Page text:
Douala. The Social, Political, and Artistic Value of Public Art


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Presentation "Douala. The Social, Political, and Artistic Value of Public Art" in the panel "Moments of Artistic Articulation in African Cities: Between Politics and Imagination", ACASA, March 2014.

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Douala. The Social, Political, and Artistic Value of Public Art

  1. 1. Douala.The Social, Political, and ArtisticValue of Public Art Moments of Artistic Articulation in African Cities: Between Politics and Imagination",ACASA, March 2014. Iolanda Pensa, Ph.D. - -  SUPSI University of Applied Sciences and Arts of Southern Switzerland, Department for Environment Constructions and Design, Laboratory of visual culture.
  2. 2. Douala. Photo Emiliano Gandolfi, 2007, cc by-sa.
  3. 3. Douala. Photo Emiliano Gandolfi, 2007, cc by-sa.
  4. 4. Joseph-Francis Sumégné, Douala, 1996, cc by-sa.
  5. 5. Ateliers urbain de Bessengue, Douala, 2002, cc by-sa.
  6. 6. Scénographies Urbaines.
  7. 7. SUD Salon Urbain de Douala.
  8. 8. Lucas Grandin, Douala, 2010, cc by-sa.
  9. 9. Socially and politically interested art practices
  10. 10. Why?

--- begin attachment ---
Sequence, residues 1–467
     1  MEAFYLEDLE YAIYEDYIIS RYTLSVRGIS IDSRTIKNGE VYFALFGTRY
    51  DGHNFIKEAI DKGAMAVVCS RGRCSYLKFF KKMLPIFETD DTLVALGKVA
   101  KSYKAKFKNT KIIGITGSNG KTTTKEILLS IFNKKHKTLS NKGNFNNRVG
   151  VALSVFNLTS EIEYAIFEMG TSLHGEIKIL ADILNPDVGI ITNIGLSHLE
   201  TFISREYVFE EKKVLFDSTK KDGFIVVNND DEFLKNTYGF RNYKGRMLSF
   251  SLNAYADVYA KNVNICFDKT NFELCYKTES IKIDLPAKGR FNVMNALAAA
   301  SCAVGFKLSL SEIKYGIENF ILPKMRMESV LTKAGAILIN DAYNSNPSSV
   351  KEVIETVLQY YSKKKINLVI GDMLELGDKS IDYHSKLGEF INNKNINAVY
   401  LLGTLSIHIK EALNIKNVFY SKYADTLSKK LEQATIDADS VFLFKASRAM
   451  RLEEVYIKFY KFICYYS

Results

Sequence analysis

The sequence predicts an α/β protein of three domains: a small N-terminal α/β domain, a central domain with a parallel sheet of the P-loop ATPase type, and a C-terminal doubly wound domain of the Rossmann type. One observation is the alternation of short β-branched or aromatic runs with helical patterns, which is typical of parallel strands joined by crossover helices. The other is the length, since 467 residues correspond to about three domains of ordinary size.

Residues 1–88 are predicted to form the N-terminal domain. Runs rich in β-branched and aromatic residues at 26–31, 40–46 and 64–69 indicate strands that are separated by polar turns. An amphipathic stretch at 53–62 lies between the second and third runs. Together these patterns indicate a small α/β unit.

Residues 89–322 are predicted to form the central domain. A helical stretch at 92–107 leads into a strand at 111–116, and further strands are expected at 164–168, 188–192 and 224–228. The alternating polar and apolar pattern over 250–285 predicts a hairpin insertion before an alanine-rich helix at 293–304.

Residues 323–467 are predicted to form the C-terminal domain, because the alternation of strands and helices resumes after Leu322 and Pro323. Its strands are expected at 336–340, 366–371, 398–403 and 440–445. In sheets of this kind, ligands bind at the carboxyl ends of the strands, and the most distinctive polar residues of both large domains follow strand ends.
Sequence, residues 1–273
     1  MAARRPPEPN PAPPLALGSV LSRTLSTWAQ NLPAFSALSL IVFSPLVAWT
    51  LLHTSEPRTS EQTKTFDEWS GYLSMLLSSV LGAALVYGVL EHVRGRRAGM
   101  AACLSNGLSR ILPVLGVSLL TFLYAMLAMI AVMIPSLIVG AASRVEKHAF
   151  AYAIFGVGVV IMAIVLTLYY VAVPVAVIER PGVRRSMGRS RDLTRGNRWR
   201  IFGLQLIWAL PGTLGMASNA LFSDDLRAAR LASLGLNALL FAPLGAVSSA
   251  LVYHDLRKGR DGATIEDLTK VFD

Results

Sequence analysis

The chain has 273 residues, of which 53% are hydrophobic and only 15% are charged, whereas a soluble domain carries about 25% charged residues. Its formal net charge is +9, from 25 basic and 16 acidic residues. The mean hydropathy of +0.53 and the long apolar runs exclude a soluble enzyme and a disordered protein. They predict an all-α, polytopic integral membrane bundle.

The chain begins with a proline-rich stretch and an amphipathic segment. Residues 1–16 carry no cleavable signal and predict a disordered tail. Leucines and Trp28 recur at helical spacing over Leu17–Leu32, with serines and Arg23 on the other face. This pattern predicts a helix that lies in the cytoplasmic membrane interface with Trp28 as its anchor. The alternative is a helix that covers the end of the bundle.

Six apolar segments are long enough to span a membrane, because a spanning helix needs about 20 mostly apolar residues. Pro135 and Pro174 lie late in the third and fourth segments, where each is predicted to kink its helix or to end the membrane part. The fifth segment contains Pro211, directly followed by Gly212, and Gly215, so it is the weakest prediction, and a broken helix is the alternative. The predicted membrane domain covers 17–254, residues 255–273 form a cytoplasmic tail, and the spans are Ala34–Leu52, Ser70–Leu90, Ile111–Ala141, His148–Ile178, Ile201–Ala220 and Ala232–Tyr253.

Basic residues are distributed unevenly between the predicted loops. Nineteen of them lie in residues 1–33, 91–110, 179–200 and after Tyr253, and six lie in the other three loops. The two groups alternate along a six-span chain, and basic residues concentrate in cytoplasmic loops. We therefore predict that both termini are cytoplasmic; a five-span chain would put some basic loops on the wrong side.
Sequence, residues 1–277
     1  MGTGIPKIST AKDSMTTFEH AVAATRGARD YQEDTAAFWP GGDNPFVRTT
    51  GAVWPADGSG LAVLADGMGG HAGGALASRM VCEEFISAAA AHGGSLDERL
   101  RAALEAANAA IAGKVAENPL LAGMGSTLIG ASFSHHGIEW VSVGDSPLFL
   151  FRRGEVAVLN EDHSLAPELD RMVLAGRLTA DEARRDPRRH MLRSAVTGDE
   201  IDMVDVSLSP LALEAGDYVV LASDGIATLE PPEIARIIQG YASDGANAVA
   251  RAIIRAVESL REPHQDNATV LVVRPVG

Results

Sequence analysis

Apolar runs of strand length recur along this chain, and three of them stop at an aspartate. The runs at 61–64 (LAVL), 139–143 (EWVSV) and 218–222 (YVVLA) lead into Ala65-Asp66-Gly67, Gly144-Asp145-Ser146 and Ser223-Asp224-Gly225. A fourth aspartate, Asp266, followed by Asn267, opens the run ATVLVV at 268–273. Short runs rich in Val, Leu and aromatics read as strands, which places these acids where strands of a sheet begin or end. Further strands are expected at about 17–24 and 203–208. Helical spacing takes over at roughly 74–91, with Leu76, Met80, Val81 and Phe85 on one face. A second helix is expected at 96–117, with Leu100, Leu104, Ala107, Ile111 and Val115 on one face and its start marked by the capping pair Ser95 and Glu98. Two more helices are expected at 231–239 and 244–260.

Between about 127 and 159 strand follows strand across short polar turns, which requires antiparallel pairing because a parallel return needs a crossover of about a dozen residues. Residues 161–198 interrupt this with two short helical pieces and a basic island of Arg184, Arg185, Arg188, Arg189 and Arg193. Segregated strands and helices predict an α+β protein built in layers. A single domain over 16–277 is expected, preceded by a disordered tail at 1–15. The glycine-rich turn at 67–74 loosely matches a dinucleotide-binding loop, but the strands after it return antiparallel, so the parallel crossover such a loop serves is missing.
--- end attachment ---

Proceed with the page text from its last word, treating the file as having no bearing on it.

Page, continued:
11. 11. I. Personal commitment
  12. 12. doual’art, Douala. Photo Roberto Paci Dalò, 2010, cc by-sa.
  13. 13. HervéYamguen, Douala, 2010, cc by-sa.
  14. 14. 2. Expectations
  15. 15. Tracey Rose, Douala, 2010, cc by-sa.
  16. 16. Tracey Rose, Douala, 2010, cc by-sa.
  17. 17. Tracey Rose, Douala, 2010, cc by-sa.
  18. 18. Interest?
  19. 19. I. Studies and curatorial
  20. 20. © Meanwhile in Africa..., curated by Christian Hanoussek. Nuremberg, 2005.
  21. 21. 2. Money
  22. 22. Alioum Moussa, Douala, 2005, cc by-sa.
  23. 23. International art discourse
  24. 24. Salifou Lindou, Douala, 2010, cc by-sa.
  25. 25. HervéYamguen, Douala, 2007, cc by-sa.
  26. 26. List of public art in Douala,,Wikipedia, cc by-sa.
  27. 27. doual’art Douala Cameroon,Wikimedia Commons, cc by-sa.
  28. 28. Conclusions